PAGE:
Col Ibrahim Abiriga, the Arua Municipality MP is no more. He was gunned downed by unknown assailants on Friday evening.
His killers were moving on numberless motorcycles and their heads were covered with helmets, reports indicate. He was murdered with is brother, Police said. Abiriga was aged 62.
Many Ugandans took to social media to eulogize the lawmaker that was popularly known as “yellow man” due to his undying love for NRM and President Yoweri Museveni.
Abiriga dressed yellow, drove yellow and slept in yellow; his entire house in Arua was painted with yellow colour.
It is from his trademark dress code that saw him become a comedian of sorts to many Ugandans across the political divide. In summary, Abiriga lived yellow.
“Everything on me has to at least have yellow if it is not fully yellow. The plate I use, the cups, my bed is yellow, house and everything must be yellow,” Abiriga said in an interview with The Independent.
He added: “I have just returned from DR Congo where I landed on very good yellow undergarments so I was forced to buy all the 20 left in the shop.”
He became more popular during the age limit debate where he strongly defended the lifting of the constitutional age limit of 75-years to allow Museveni to qualify to run again in 2021. He was also under the spot for urinating in a public place in broad day light.
What you didn’t know about Abiriga
But there is more to Abiriga. He was the heir and surviving eldest son of his father who had 34 children.
He said he was born at a time when hunger was at its highest hence his name.
“Abiriga means hunger,” he said, “During that time, people survived on sim-sim and groundnuts paste mixed with water.”
The fallen ‘yellow’ lawmaker’s love for his God was unmatched.
“I only believe in the supreme and true God, Allah who created all of us. I am currently married to one wife even when the Quran allows me to marry up to four because I may not be able to satisfy them sexually just like the Quran qualifies it. I don’t want to commit a sin which I can avoid,” Abiriga told The Independent last year. He had 10 children as of last year.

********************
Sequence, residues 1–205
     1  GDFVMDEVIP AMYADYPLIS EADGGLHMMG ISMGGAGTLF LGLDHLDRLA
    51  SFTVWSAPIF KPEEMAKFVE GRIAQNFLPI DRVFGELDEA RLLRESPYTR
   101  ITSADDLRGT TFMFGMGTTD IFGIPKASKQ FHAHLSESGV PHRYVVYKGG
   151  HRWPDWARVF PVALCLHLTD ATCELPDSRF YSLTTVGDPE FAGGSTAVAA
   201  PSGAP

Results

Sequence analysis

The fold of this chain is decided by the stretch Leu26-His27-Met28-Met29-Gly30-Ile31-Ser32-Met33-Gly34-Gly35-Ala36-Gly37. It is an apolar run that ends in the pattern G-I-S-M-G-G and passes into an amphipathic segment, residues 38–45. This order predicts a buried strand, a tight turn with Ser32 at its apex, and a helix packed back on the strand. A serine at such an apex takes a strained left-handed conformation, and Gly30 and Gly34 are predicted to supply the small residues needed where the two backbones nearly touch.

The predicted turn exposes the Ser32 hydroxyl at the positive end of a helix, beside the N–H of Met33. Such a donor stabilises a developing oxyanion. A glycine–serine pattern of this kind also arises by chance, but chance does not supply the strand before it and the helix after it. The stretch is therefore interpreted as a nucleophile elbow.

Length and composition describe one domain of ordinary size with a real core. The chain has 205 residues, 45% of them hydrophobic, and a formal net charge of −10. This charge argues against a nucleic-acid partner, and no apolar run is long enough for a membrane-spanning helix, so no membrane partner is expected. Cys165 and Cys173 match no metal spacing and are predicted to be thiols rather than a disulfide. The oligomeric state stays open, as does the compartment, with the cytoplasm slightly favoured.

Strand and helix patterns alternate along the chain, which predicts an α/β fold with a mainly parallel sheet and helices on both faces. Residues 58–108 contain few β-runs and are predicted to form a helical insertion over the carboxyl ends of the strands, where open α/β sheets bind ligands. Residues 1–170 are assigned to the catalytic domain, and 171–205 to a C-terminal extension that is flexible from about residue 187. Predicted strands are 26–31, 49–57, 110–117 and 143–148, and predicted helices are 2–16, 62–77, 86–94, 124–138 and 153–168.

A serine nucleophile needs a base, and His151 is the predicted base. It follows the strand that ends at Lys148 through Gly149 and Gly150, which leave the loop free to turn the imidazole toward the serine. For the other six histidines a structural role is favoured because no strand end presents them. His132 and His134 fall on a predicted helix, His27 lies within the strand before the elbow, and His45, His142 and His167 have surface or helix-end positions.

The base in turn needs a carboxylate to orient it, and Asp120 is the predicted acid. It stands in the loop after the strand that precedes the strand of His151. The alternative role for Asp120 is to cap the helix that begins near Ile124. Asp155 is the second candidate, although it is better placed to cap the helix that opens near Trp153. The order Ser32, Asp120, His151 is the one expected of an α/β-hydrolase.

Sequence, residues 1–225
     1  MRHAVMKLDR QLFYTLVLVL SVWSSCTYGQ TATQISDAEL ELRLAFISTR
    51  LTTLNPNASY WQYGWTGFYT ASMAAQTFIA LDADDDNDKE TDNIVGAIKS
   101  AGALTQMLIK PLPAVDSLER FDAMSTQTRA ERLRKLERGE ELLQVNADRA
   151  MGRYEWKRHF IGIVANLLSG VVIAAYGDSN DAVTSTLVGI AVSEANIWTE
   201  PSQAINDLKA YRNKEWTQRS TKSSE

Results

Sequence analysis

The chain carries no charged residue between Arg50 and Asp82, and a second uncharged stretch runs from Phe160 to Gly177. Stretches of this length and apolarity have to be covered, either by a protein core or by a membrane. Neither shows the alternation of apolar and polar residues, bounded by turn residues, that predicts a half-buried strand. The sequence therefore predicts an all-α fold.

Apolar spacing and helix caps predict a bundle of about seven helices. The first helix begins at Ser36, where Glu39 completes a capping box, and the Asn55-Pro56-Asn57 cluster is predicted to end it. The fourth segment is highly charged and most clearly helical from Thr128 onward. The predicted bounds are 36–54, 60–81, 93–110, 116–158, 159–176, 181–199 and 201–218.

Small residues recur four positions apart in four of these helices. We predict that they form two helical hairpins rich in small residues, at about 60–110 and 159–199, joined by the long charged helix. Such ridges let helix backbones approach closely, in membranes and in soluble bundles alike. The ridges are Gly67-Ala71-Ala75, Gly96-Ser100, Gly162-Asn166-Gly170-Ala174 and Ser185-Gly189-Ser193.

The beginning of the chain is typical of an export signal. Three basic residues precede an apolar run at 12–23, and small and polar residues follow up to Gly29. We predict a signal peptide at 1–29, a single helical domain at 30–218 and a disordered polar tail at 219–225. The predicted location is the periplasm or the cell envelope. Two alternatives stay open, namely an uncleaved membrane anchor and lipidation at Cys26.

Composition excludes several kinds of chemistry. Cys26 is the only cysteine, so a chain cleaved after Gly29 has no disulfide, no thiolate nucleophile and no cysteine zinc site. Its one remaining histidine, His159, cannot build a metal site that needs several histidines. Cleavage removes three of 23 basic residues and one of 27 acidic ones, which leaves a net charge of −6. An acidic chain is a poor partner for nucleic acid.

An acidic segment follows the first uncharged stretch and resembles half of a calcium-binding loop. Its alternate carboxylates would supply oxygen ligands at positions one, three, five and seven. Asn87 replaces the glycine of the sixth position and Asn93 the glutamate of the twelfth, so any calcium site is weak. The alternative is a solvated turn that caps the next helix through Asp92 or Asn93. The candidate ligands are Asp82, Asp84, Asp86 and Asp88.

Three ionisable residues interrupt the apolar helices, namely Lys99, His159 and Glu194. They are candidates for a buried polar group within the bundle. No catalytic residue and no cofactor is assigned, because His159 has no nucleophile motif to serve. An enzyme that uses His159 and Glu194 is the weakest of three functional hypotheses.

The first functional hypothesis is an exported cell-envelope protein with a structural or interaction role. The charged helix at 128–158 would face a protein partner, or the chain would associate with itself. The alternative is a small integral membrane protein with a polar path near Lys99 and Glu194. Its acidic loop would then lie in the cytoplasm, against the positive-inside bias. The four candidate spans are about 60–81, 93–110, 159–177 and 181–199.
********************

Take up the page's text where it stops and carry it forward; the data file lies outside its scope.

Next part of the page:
Asked what his idea of perfect happiness was, Abiriga said: “Sparing time to communicate to God; the times I spend praying during the night defines a calm and beautiful day.”
On his greatest fear, he said: “Only God but as for things like bullets or even the most scaring animal like the lion, I am fearless.”
Abiriga said his love for Museveni was a response to a calling by his father Yusuf Abdallah (RIP), a former soldier under the King’s African Rifles (KAR) who fought in World War II.
“My father was a big proponent of President Museveni and he urged us always support him and the NRM,” Abiriga said.
On what or who was the greatest love of his life, he said: “Even my children and wife come after President Museveni who has united all of us.”
Abiriga, a soldier first served in the army of then-Ugandan President Idi Amin Dada at the rank of Staff Sergeant until he was promoted to the rank of Major under NRA and finally colonel in now UPDF.
His father pushed him to drop out of school in senior three at Kabalega SS in Masindi and join the military despite objection from his uncle and protests from him.
“There was no official recruitment then and since he had been a soldier, he maintained that my destination was also in the army,” Abiriga says.
In 1971, Abiriga joined the army but applied to continue with school under the department of education at Grammar Secondary School where he reveals to have completed Ordinary Level. After nine months of training, Abiriga was deployed in the Secret Service at Makindye Military Police in Kampala.
In 2001, President Museveni appointed Abiriga as RDC for Arua. He held the job for 12 years until he was transferred to Yumbe in the same position in 2014. A few months into the position, Abiriga resigned to join elective politics and become an MP.
Asked on which historical figure he most identified with, he said: “Former Uganda president, Field Marshall Idi Amin Dada was a straight forward person and wasn’t sacred of anything. Col Muammar Mohammed Abu Minyar Gaddafi is another one and Bishop Angelo Tarantino of the Comboni Missionaries and the first bishop of Arua Diocese; he built most of the schools in West Nile and is remembered for introducing education in the region.”
In real life, Abiriga’s heroes were Bishop Angelo Tarantino, Idi Amin Dada and Muammar Ghaddafi.
His greatest achievement
“When we were chased from Uganda to Sudan and Congo under President Idi Amin regime, I vowed to fight and bring back my people home. I was a 23 Brigade Commander under UNLF and seeing that we successfully resettled back home is a great achievement. I also enjoy the fact that many children can access education in Uganda under the NRM government,” he said.